KIRKUK, Iraq - No decorations, no midnight Mass. Even an appearance by Santa Claus was nixed, as Iraq's Christians called off Christmas celebrations amid new al-Qaeda threats.
The ancient but tiny community is still shaken from a bloody siege of a Baghdad church. Sixty-eight people were killed Oct. 31 in the assault on Our Lady of Salvation Church as its Catholic congregation was celebrating Sunday Mass.
Days later, Islamic insurgents also bombed Christian homes and neighborhoods across the capital.
On Tuesday, al-Qaeda insurgents threatened more attacks on Christians, many of whom have fled their homes or even the country since the church attack.
A council representing Christian denominations across Iraq advised followers to cancel public celebrations of Christmas out of concern for their lives and as a show of mourning for the victims of the violence.
"Nobody can ignore the threats of al-Qaeda against Iraqi Christians," said Chaldean Archbishop Louis Sako in Kirkuk. "We cannot find a single source of joy that makes us celebrate. The situation of the Christians is bleak."
Church officials in Baghdad, as well as in the northern cities of Kirkuk and Mosul and the southern city of Basra, said they would not put up Christmas decorations or celebrate midnight Mass. They urged worshipers not to decorate their homes. In Kirkuk, an appearance by Santa Claus was called off.
"It's to avoid any attacks, but also to show that people are sad, not happy," said Younadim Kanna, a Christian lawmaker from Baghdad.
Even before the church attack, thousands of Christians were fleeing Iraq. They make up more than a third of the 53,700 Iraqis resettled in the United States since 2007, according to State Department statistics.
Since the church attack, about 1,000 families have fled to Iraq's safer Kurdish-ruled north, according to the United Nations.
The latest threats were posted late Tuesday by the Islamic State of Iraq, an al-Qaeda front group, on a website frequented by Islamic extremists. The group said it wanted the release of two women it claimed were being held captive by Egypt's Coptic Church.
Muslim extremists in Egypt accuse the Coptic Church of detaining the women to allegedly convert them to Islam, a charge the church denies. The message posted Tuesday, addressed to Iraq's Christian community, said it was meant to "pressure" Egypt.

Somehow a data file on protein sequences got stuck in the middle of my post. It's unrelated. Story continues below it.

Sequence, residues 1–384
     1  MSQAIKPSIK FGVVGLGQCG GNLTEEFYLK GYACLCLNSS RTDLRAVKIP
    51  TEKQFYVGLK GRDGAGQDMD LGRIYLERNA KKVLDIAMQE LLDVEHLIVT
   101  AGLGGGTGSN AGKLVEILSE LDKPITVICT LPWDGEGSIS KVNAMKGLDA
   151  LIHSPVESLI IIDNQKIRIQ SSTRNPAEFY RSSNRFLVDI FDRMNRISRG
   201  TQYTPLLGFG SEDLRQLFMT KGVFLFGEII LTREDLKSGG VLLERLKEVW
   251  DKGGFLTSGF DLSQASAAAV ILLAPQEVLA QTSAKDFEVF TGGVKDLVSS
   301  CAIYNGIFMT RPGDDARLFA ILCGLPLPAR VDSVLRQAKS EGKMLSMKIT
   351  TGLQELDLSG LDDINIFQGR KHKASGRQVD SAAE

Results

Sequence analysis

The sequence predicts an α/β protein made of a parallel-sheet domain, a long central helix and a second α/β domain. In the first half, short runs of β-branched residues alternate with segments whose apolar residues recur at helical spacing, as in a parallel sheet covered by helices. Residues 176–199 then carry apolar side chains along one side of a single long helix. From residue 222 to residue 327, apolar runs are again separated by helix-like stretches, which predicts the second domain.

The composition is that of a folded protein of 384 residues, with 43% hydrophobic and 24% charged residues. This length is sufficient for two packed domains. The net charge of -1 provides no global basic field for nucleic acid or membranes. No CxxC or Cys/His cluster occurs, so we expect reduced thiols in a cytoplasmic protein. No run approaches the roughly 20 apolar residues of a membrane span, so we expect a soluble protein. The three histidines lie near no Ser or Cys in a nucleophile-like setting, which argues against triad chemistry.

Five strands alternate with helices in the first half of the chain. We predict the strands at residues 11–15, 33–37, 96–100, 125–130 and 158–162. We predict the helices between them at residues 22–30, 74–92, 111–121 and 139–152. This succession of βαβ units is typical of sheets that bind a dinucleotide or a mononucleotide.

Few reliable statistics exist on the number of Christians remaining in Iraq, a mostly Muslim nation of 29 million. A recent State Department report said Christian leaders estimate there are 400,000 to 600,000, down from a prewar level of 1.4 million.
For those who remain, Christmas will be a somber affair.
In Kirkuk, 180 miles north of Baghdad, Sako said there would be no Christmas decorations outside churches and money usually used on celebrations or gifts would go to Christian refugees.
Ashour Binyamin, a 55-year-old Christian in Kirkuk said he and his family would not go to church on Christmas and would celebrate at home.
At Our Lady of Salvation Church, where more than 120 parishioners were held hostage by gunmen during the four-hour siege, all Christmas Masses have been canceled. Only a modest manger display will mark the occasion.
"We are still in deep sorrow over the innocent victims who fell during the evil attack," said Father Mukhlis.
In Baghdad's Karradah neighborhood, where many of the city's remaining Christians live, churches were guarded by security forces Wednesday and surrounded by razor wire. Shop owners said few people were buying the Christmas trees and Santa Claus toys on sale.
Ikhlas Bahnam vowed to go to Mass on Christmas Day, despite what she called the government's failure to protect her small community. But she will not visit friends during the holiday season. All of them have fled, she said.